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Indianapolis Public Schools is seeking legal affirmation for its position that it is exempt from a state law governing how and when districts must make underused or closed school buildings easily available to charter schools.
In a Monday filing with Marion Superior Court, IPS sought a declaratory judgment that it is exempt from the Indiana law that requires districts to sell or lease those buildings to charter schools or state education institutions for $1. The district is also seeking a preliminary injunction to prevent the Indiana Department of Education from enforcing the law with respect to IPS.
Lawmakers revised the so-called $1 law this year that made it friendlier to charters and education institutions in districts with declining enrollment, but the district stated in July that it’s not covered by the statute because of a 2021 decision it made about sharing certain tax revenue.
The district also issued a statement on Monday underscoring its view that it’s exempt from the law. But charter groups have argued that it is not. And earlier this month, the state education department directed IPS to notify the agency about its school closures, and noted that as a school corporation IPS was subject to the $1 law.
The court filing by IPS is the latest move in a long-running dispute between the district and the charter sector over facilities and resources, as charter enrollment grows and IPS enacts academic and other changes to attract students. The court’s interpretation of the law could also have big implications for the buildings that used to house Raymond Brandes School 65 and Francis Bellamy School 102, both of which closed earlier this year. The buildings have garnered interest from charter schools.
“The IPS Board is committed to complying with Indiana law, believes it is doing so, and believes Indianapolis Public Schools qualifies for the exemption from the $1 Charter Law,” IPS Board President Venita Moore said in a statement. “The IPS Board believes the courts will provide needed clarity regarding the exemption from the $1 Charter Law, and IPS will abide by the ultimate decision from Indiana courts.”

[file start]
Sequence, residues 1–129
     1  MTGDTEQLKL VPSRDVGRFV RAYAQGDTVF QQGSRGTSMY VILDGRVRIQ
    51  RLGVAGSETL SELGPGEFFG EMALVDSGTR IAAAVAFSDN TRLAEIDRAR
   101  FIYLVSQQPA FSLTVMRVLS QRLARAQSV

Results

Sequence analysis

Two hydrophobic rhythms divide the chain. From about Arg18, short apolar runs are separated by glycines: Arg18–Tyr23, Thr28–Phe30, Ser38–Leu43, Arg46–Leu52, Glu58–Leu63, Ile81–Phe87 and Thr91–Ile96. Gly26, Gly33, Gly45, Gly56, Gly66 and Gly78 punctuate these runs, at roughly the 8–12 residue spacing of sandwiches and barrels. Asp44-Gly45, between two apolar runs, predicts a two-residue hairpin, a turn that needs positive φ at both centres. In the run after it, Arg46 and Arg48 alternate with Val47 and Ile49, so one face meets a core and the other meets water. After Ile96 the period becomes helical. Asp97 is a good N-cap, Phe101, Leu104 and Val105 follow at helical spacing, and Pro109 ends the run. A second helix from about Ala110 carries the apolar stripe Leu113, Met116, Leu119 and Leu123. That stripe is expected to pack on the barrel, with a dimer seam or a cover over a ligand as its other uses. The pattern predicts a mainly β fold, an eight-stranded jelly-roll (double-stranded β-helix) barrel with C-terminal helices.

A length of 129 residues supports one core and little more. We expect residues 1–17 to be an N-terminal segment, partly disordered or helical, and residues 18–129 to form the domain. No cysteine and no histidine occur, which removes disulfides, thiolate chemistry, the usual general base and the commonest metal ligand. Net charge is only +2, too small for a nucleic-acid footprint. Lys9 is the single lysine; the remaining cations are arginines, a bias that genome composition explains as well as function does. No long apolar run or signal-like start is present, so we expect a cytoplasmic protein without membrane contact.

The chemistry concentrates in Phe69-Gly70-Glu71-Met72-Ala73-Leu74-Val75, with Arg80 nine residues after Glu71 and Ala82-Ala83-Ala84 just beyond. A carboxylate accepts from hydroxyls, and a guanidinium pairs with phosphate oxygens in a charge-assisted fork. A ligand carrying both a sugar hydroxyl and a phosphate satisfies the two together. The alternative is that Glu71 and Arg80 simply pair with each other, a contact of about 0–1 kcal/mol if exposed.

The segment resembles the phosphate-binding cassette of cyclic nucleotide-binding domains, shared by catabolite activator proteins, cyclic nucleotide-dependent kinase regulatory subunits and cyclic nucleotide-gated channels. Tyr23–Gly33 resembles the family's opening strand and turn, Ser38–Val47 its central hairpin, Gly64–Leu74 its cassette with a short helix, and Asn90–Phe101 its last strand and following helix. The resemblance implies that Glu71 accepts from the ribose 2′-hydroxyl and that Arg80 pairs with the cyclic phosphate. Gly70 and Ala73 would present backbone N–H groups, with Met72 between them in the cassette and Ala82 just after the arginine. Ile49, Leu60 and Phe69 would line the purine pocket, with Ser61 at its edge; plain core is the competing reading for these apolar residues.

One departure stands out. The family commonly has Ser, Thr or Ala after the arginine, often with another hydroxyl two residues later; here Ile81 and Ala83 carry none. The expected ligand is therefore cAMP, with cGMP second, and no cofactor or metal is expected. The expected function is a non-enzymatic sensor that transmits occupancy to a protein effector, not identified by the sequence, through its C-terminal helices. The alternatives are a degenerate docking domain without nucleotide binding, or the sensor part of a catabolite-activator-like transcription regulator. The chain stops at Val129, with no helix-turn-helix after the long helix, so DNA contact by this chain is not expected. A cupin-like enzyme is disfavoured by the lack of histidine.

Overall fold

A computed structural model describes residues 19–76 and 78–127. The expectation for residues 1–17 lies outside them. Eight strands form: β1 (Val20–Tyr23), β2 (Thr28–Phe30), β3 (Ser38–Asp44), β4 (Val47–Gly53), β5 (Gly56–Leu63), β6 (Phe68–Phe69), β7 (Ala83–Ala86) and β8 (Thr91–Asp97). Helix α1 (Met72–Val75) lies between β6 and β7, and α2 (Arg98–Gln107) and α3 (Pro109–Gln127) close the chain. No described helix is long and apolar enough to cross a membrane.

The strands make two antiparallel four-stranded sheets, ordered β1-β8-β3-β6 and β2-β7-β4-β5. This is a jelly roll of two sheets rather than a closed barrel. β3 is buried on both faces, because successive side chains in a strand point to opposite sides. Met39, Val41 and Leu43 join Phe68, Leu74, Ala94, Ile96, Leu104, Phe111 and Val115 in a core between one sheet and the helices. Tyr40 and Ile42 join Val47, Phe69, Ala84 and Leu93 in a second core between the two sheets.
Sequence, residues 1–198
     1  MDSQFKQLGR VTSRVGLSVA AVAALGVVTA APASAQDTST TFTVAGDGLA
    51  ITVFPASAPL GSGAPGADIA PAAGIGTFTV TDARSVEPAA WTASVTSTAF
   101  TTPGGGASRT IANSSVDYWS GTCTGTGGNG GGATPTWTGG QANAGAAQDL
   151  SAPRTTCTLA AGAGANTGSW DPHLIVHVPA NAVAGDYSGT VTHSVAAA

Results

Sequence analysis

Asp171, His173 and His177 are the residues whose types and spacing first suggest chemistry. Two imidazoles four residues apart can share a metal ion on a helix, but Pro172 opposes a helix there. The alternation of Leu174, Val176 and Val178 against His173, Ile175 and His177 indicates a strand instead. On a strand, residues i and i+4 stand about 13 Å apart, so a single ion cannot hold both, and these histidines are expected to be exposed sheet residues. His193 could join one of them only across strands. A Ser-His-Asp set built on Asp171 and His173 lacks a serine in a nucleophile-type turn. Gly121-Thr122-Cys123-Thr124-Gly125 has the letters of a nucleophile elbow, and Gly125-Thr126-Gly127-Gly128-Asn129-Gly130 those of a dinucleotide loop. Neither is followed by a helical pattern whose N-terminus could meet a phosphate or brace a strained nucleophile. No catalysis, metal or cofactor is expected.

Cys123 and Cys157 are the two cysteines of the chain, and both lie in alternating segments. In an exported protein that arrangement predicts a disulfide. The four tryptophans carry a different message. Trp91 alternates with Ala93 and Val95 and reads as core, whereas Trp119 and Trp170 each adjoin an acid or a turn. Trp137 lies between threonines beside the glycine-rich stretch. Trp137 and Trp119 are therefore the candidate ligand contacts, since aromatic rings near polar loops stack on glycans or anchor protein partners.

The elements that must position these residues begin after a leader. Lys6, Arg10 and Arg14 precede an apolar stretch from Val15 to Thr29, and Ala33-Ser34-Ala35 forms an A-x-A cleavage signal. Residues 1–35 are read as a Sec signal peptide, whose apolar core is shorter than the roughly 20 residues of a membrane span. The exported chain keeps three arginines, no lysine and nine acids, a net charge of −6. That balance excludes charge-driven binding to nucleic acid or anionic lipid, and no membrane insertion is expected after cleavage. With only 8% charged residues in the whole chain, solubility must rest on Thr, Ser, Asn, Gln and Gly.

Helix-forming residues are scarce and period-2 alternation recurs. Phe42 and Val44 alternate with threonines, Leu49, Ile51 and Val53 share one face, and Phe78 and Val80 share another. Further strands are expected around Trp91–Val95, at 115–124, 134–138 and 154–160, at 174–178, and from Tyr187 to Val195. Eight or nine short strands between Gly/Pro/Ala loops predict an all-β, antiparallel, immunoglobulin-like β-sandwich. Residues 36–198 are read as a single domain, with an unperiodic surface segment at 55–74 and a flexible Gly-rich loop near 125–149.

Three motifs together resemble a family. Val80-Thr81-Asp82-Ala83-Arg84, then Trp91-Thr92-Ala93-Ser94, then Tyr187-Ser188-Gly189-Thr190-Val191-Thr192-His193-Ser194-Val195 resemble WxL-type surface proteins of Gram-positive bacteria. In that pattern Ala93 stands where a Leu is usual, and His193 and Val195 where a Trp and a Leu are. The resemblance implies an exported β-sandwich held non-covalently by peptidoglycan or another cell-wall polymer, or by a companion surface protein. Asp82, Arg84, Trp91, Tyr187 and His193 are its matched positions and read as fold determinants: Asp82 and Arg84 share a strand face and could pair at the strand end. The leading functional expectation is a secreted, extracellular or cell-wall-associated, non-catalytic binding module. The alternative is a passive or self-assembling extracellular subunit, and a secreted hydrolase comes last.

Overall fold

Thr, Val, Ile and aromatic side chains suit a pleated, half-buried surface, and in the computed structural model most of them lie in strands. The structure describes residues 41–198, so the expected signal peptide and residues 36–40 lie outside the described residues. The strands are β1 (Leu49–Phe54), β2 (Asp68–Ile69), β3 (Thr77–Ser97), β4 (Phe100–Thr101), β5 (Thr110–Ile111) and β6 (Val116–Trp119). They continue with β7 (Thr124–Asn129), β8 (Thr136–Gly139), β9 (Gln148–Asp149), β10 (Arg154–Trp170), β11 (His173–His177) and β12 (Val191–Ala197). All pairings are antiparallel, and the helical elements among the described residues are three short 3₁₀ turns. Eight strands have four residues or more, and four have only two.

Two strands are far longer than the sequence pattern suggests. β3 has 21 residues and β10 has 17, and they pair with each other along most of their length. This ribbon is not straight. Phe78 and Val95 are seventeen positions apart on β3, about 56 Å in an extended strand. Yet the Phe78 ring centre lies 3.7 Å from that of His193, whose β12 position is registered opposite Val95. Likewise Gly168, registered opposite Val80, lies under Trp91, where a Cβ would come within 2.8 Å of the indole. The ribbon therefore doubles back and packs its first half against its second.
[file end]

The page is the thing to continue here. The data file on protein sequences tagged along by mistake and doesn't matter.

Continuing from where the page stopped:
But the Mind Trust, which cultivates charter schools in the city, said in a Monday statement from CEO Brandon Brown that the court filing is “an unfortunate escalation in the district’s ongoing efforts to circumvent state law.”
“By choosing a potentially long and divisive legal battle instead of collaboration, IPS is closing the door on longstanding partners who want to work alongside the district in service to Indianapolis students,” Brown said.
The state education department declined to comment about the Monday court filing from IPS.
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Lawmakers tweaked the $1 law this year after school districts successfully maintained exemptions from the law, which targets vacant or unused buildings. Sen. Linda Rogers, a Republican who authored the revised $1 law, said her intention was to create an appropriate balance between the interests of traditional public schools and charters.
But IPS maintains that even the new changes to the statute mean the law does not apply to its sale of School 65 and School 102.
The revised law exempts districts from having to sell or lease closed buildings to charters if they split funding from voter-approved property tax increases meant to pay for operating or safety costs with “applicable charter schools.”
IPS claims it is exempt because it shared funds from its 2018 property tax increase with charters in its Innovation Network of autonomous schools. The district has provided over $4 million annually to Innovation charters, IPS said in its motion for a preliminary injunction.
The school board voted in July to authorize the sales process for those two buildings, with priority given to nonprofit groups or government agencies. The district highlighted one local nonprofit that offers youth programming, Voices, as a potential buyer for the former School 102 building.
“IPS has sought to dispose of Brandes 65 and Bellamy 102 in a strategic manner that benefits the community, IPS students, and IPS,” the district said in its motion for a preliminary injunction. “IPS has not looked to simply offload the buildings to the highest bidder.”
But the district’s interpretation has been criticized by charter supporters. They have argued the district must share referendum funds with all charter schools within the district’s borders.
Rogers previously told Chalkbeat that sharing revenue from the 2018 referendum does not exempt IPS from the revised statute.
A separate state law requires the district to share tax revenue stemming from future ballot questions.
Amelia Pak-Harvey covers Indianapolis and Marion County schools for Chalkbeat Indiana. Contact Amelia at firstname.lastname@example.org.